Hikvision Corrects False Cybersecurity AnnouncementBy IPVM Team, Published Jun 18, 2018, 05:29am EDT
Hikvision has corrected a false cybersecurity announcement that claimed a British government-sponsored program endorsed the cybersecurity of Hikvision's products.
Below, highlighted, are the specific false assertions:
After IPVM raised concerns to Hikvision corporate, Hikvision acknowledged this, adding the following correction:
An earlier version of the press release suggested that the Cyber Essentials Plus status relates to products and has caused some confusion. To clarify, Hikvision has been awarded ‘Cyber Essentials Plus’ accreditation, which directly relates to the security and robustness of our own infrastructure within the UK operation. It was never our intention to mislead the reader with inference that the accreditation related in any way to our products. We sincerely apologise for the unclear statement about the award.
Cyber Essentials Plus Explained
Cyber Essentials is a UK sponsored government program that aims to help organizations protect against cyber attacks. The requirements of the program list the scope of this certification as IT infrastructure, not products manufactured:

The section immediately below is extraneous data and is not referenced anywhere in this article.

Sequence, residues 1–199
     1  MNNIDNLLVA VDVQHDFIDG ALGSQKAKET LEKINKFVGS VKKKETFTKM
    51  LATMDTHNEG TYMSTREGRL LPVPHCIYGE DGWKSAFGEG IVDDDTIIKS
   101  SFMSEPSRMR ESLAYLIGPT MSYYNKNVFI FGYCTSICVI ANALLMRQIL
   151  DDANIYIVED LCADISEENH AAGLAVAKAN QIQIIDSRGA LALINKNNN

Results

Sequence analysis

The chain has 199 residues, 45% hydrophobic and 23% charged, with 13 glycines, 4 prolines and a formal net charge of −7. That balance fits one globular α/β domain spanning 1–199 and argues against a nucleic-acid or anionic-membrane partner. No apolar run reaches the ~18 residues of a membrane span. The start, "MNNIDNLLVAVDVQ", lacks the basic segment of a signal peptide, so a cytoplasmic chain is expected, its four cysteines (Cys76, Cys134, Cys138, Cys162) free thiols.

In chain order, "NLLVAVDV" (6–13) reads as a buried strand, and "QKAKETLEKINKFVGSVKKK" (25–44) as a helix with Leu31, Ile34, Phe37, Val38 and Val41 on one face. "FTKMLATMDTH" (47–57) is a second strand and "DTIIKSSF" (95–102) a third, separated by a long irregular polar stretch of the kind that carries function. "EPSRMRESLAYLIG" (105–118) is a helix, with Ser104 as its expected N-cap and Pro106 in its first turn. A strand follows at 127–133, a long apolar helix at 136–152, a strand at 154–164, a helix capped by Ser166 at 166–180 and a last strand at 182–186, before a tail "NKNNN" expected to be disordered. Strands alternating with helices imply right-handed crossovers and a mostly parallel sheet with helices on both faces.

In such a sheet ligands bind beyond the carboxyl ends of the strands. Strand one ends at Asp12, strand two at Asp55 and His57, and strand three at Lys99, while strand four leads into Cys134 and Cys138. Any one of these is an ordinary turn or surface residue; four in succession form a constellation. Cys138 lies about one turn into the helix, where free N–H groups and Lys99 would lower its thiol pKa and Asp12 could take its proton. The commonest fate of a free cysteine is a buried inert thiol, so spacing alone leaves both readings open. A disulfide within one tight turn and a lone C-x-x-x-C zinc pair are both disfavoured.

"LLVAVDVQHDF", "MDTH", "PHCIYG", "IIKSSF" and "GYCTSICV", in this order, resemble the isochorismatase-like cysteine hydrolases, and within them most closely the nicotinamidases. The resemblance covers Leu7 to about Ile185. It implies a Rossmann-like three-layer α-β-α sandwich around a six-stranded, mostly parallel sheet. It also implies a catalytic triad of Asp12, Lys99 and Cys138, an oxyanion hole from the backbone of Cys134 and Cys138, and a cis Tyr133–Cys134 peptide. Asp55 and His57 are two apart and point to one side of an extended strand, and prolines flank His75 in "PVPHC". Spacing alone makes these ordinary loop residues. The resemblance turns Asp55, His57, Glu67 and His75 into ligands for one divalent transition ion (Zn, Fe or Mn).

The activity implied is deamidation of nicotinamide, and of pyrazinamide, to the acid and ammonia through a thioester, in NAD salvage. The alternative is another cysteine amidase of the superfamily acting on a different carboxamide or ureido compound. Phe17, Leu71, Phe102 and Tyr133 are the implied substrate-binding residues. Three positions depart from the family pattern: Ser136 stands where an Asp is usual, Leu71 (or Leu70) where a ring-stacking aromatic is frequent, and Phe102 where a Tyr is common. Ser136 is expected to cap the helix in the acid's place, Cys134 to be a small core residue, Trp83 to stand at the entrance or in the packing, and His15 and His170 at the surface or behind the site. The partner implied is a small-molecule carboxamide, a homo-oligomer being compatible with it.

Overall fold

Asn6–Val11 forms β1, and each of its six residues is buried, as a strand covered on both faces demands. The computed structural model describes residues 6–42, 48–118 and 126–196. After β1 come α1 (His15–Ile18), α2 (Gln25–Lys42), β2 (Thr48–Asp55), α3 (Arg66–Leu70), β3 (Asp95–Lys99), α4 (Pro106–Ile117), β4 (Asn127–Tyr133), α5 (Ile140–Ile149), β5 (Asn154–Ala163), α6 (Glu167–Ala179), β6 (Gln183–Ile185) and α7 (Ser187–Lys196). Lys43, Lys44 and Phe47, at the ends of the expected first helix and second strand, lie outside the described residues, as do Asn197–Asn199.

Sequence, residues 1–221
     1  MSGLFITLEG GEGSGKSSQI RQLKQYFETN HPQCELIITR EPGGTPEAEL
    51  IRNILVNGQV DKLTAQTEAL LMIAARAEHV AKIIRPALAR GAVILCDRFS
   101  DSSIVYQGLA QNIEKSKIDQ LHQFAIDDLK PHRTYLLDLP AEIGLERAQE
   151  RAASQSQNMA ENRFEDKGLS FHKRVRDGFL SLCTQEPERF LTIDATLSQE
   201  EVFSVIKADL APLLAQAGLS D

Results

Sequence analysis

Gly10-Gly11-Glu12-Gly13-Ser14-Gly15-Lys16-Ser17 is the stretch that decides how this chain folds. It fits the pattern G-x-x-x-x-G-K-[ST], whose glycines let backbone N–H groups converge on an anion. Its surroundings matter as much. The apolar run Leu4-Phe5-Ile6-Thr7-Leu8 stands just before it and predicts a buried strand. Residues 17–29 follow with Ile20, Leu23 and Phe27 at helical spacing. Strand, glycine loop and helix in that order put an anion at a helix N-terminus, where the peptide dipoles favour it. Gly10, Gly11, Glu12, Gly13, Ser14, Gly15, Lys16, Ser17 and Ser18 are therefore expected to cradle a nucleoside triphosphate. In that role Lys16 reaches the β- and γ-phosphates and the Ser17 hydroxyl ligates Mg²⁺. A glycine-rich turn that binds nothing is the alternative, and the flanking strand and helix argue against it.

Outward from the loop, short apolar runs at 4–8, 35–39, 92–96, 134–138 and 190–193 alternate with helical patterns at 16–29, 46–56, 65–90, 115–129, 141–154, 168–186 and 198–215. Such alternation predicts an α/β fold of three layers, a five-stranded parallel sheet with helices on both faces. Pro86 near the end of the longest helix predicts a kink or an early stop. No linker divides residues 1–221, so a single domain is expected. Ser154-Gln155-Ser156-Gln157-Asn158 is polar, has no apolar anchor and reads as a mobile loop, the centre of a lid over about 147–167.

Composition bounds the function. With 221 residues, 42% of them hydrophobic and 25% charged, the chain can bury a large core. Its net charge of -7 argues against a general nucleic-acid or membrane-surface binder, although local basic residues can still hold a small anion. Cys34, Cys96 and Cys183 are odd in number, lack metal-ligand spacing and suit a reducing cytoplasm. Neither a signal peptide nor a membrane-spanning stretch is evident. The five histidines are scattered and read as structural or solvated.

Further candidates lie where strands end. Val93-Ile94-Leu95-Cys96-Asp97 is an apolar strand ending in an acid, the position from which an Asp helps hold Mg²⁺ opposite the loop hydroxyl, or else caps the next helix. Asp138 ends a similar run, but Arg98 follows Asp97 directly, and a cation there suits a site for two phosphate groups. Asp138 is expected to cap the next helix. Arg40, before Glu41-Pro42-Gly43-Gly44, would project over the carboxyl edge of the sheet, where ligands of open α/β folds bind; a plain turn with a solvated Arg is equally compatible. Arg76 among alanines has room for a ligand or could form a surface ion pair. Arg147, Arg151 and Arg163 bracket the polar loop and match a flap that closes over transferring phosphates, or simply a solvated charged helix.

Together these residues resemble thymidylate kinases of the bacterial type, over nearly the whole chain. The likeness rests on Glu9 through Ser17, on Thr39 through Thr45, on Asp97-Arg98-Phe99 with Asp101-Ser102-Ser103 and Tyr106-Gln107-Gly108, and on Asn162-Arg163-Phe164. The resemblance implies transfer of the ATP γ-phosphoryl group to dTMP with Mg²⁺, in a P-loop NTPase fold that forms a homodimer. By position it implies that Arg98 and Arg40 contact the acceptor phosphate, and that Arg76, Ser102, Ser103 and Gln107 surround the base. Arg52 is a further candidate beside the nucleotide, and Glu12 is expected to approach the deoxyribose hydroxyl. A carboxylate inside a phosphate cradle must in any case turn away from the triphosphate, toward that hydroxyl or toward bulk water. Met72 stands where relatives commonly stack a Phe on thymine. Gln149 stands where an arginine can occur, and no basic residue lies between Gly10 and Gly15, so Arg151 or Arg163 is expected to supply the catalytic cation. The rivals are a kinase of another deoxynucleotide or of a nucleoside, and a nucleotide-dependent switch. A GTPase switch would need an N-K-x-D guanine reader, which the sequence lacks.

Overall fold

Assessment and certification can cover the whole of the Applicant's IT infrastructure, or a sub-set. Either way, the boundary of the scope must be clearly defined in terms of the business unit managing it, the network boundary and physical location. [emphasis added]
Hikvision received the Cyber Essentials 'Plus' certification, which consists of an auditor doing a vulnerability assessment of their UK office. The certification costs 1,999 GBP (~$2,655 USD).
History of Misrepresenting Cybersecurity
Hikvision has repeatedly misrepresented the cybersecurity of their products, starting with claiming their backdoor was simply a 'privilege escalation vulnerability', misleading their dealers on the backdoor, hiring Cisco and issuing a press release with them the day after the backdoor was confirmed, announcing a 'dedicated' cybersecurity 'hotline' that has since been demoted to generic technical support, opening a 'source code transparency center' that is neither particularly open nor transparent, and now deceptively turning an IT infrastructure certification into a false endorsement of their products.
Hikvision has no excuse here. Hikvision took the certification so they clearly know it is not about a company's products yet Hikvision's announcement over and over again emphasized products. It is either a question or competence or ethics.
Commend The Correction
That noted, we certainly commend Hikvision and, in particular, their new Global PR lead, Karl Erik Traberg, for quickly and responsibly issuing a correction. It is a small step in the greater scheme of things but indisputably positive that Hikvision is willing to acknowledge mistakes and focus on improvement rather than disparaging critics.
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